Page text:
Recognizing the Basic Symptoms of Depression

Depression symptoms are often overlooked. It can be highly detrimental to your physical and mental health to ignore these signs. Depression can often be dealt with if you know what you are looking for. There are treatment options such as therapy and even medications that can help to take the edge off. If you suspect that you, a friend or a loved one is suffering from depression, these are the depression symptoms to look for.

The first of the symptoms is extreme sadness or excessive crying. A person suffering from this symptom will often state that they do not know why they are upset or crying. They may even feel overwhelmed and that everything is going wrong. It may even seem to someone on the outside that they are unnecessarily upset or that they are making a big deal out of nothing at all. It is very important to not dismiss their feelings or to tell them that they are being silly because this can make the depression symptoms even worse.

People who are suffering from depression symptoms may also lose interest in things that they once loved to do. This change may be as drastic as a cheerleader who no longer loves the sport all of the sudden or as subtle as a person who once loved to read not even wanting to do that anymore. The common misconception in this area is that the once loved activity may be a group activity. In fact this symptom can also include activities that are performed alone.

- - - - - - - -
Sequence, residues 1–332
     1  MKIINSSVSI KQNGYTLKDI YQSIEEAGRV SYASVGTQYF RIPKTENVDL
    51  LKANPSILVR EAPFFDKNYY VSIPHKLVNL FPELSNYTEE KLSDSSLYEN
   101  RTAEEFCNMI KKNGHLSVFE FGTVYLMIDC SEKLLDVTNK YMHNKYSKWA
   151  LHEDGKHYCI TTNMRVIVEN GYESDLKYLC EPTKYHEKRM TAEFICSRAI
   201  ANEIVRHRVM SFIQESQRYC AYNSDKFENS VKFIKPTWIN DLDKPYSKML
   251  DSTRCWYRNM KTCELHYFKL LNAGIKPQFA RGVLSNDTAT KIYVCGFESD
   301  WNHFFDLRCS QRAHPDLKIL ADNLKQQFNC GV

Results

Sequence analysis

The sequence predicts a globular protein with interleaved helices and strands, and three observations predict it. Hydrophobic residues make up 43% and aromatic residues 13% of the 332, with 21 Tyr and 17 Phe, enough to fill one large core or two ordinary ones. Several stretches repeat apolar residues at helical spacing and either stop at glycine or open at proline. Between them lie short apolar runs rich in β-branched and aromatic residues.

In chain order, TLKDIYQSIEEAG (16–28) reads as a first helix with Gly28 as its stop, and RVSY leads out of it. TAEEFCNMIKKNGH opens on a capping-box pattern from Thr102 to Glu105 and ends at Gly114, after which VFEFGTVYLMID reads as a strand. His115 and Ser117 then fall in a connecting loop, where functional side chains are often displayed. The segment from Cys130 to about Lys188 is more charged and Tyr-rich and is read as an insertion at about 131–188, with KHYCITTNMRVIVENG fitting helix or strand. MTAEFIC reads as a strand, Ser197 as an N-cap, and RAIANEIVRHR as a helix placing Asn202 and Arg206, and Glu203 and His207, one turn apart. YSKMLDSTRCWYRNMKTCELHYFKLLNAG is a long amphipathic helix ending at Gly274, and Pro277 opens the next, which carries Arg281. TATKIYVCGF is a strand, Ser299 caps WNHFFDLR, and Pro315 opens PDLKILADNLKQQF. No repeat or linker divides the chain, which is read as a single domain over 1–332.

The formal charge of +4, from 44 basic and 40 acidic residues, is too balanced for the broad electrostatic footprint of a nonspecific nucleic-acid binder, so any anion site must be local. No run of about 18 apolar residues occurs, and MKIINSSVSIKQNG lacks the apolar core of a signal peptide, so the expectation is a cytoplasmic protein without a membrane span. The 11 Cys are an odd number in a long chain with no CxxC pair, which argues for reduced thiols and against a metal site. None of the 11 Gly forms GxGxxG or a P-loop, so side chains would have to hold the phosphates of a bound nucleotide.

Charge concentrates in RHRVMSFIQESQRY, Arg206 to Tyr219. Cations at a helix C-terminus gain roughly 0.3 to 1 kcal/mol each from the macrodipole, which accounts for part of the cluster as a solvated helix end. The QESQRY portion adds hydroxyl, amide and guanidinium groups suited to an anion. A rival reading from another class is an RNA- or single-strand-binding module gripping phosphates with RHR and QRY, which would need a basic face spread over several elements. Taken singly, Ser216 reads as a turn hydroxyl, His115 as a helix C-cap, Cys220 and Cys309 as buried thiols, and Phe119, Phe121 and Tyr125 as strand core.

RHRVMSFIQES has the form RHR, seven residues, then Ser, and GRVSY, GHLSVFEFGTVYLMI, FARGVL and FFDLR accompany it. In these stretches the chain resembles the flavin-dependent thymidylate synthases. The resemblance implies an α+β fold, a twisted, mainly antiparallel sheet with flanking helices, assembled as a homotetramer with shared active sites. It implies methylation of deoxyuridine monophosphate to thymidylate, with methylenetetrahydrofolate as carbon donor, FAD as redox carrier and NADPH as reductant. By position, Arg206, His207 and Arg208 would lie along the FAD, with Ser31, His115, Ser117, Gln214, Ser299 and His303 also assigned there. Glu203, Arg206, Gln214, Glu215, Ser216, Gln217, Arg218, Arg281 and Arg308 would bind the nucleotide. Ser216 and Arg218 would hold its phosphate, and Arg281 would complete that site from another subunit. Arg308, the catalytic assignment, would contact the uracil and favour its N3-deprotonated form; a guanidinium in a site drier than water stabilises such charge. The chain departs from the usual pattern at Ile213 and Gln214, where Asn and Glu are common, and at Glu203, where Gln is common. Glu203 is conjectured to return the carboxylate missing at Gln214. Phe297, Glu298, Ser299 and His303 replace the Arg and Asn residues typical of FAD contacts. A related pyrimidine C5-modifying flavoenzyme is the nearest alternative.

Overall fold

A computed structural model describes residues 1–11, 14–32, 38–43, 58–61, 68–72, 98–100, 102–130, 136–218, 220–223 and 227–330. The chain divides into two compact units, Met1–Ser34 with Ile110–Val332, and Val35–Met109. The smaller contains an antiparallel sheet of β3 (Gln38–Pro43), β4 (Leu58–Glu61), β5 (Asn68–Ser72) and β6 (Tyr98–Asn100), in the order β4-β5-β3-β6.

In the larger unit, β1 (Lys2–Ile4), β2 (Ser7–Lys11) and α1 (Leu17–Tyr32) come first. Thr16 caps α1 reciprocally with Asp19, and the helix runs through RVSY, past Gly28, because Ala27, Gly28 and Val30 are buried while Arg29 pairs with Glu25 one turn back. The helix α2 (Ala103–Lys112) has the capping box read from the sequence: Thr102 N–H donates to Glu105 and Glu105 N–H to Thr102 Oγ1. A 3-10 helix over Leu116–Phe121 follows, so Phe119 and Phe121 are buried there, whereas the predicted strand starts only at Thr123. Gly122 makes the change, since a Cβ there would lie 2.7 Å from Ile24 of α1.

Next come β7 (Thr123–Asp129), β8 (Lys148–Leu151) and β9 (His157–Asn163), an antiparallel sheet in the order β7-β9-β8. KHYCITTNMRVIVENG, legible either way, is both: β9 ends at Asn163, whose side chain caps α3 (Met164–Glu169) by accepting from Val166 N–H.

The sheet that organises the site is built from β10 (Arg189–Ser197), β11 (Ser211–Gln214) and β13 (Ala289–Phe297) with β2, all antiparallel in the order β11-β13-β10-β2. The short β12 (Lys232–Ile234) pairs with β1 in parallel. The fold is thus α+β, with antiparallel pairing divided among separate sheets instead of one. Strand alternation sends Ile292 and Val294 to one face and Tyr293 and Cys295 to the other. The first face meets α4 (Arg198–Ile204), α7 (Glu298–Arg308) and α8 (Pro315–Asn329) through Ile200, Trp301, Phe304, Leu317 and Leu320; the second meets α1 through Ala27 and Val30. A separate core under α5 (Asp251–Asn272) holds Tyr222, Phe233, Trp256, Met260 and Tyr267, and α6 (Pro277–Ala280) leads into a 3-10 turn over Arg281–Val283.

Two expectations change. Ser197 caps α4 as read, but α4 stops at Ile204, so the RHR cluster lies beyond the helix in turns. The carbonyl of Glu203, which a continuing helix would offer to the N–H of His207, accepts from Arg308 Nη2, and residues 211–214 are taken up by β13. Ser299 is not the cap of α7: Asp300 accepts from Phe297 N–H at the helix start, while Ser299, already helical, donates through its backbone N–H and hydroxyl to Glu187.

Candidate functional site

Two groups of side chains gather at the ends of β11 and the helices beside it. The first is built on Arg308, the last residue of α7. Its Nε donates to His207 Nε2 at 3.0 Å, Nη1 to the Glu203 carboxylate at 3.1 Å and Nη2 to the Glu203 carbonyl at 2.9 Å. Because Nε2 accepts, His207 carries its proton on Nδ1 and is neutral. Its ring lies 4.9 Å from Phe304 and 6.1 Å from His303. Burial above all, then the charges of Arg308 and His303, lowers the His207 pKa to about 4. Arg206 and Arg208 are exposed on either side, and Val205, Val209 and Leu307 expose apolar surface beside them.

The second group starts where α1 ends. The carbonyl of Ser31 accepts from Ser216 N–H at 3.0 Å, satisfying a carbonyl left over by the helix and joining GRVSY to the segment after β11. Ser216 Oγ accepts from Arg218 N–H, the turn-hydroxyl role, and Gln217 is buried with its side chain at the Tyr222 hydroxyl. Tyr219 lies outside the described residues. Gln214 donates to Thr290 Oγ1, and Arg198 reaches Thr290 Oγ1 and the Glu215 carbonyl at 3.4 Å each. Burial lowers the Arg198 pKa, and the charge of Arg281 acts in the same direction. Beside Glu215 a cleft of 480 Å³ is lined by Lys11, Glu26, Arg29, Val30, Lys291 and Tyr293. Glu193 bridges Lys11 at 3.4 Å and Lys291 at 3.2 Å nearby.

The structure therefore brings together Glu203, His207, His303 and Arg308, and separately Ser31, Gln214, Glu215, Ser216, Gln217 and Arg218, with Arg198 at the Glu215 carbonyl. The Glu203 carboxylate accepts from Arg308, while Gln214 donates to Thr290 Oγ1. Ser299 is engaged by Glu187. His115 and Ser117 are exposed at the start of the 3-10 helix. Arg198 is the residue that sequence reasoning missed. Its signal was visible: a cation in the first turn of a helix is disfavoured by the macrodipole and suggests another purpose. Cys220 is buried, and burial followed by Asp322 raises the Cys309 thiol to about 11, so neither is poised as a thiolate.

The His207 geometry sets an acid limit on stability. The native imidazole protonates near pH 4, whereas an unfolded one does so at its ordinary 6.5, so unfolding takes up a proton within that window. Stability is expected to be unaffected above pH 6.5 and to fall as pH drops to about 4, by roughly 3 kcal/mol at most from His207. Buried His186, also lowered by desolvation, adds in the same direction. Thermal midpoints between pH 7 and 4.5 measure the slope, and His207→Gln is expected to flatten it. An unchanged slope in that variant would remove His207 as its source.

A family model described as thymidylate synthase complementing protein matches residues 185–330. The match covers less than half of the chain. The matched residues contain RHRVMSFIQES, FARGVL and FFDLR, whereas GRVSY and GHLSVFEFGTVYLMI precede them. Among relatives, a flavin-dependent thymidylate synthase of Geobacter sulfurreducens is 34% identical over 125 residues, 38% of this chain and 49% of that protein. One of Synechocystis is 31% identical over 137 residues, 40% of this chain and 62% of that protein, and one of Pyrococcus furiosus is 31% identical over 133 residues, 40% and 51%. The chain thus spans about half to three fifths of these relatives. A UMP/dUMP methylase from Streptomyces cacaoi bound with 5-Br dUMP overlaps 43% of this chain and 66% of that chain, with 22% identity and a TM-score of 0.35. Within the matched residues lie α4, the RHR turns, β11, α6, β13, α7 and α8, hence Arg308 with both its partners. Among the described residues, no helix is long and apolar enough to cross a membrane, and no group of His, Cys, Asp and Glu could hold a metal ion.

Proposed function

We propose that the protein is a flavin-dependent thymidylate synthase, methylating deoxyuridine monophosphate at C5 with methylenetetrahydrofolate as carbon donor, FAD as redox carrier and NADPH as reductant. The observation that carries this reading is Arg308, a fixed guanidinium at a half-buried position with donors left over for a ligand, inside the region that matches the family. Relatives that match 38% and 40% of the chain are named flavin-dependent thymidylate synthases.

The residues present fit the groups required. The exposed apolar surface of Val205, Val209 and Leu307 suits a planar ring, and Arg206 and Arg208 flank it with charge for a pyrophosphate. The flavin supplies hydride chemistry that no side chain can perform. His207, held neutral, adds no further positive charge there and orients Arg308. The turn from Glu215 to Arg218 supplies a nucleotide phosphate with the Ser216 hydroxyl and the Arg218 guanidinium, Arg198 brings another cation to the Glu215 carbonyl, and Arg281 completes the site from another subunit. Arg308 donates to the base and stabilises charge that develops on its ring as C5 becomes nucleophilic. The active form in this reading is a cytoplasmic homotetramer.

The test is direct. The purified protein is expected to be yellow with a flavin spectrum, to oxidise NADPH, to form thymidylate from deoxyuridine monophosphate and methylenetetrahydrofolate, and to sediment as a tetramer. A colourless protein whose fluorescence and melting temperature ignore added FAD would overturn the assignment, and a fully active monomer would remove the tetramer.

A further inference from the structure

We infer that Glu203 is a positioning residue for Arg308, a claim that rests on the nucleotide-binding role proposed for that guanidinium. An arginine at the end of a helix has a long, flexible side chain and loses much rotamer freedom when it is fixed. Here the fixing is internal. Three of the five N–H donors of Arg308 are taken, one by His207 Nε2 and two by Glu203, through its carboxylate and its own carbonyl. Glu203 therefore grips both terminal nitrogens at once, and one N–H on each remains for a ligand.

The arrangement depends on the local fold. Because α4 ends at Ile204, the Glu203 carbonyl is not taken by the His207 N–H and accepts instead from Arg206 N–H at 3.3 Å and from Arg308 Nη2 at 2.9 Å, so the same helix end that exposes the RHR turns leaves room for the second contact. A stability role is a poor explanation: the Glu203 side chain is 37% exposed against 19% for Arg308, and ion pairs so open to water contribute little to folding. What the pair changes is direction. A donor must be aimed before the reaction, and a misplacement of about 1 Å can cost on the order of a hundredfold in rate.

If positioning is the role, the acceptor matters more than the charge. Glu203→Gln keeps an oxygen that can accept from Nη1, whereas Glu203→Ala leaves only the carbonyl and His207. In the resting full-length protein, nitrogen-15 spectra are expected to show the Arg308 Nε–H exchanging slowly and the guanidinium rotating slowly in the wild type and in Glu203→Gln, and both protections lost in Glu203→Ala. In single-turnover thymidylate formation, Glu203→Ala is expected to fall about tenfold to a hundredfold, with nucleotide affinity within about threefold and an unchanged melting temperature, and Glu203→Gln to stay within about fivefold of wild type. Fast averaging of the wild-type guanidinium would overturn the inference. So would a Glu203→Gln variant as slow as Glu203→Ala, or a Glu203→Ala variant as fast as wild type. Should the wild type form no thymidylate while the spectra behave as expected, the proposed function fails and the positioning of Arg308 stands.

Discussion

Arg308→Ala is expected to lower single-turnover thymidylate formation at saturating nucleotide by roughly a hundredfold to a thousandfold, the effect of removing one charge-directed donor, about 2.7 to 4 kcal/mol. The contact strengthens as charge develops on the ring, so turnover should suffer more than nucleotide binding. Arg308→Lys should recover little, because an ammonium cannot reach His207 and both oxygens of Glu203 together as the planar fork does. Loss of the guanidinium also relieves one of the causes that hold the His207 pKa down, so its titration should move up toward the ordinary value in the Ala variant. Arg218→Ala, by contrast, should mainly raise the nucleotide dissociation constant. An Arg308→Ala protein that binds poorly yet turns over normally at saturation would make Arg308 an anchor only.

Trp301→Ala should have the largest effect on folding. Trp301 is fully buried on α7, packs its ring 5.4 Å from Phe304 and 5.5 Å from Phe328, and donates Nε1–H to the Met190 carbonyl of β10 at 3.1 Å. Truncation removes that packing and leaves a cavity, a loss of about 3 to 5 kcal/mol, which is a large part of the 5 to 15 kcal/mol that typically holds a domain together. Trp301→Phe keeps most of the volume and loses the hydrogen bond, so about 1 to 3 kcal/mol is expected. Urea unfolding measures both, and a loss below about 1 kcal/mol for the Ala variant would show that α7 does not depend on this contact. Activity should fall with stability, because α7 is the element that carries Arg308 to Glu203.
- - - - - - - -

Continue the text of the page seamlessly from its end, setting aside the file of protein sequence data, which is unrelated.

Change in appetite and weight are also very common depression symptoms. These symptoms can be displayed in different ways. A person suffering from these depression symptoms can either go through excessive eating and weight gain or can go the other way with loss of appetite and losing a lot of weight. These depression symptoms in particular are very important to deal with because they can lead to very dangerous eating disorders such as bulimia, bingeing and purging as well as anorexia.

Sleeping problems are another form of depression symptoms. A depressed person may be sleeping excessively or not enough. It may feel like you just cannot get enough sleep no matter how much you sleep. It is not uncommon for a depressed person to sleep for what seems like days at a time in stretches of 12 hours or even more. Lack of sleep is also a symptom of depression. You may find it hard to sleep and may even stay awake for days despite the trying to sleep. Sleep patterns may be broken and restless leading to fatigue and irritability.

If you are feeling any of these depression symptoms talk to a friend, loved one or seek professional help. Symptoms of depression are often experienced in different combinations. The above afflictions are just a few of the symptoms of depression. Depression is a disease and there are treatments. There is no reason to feel ashamed to admit that you may need help.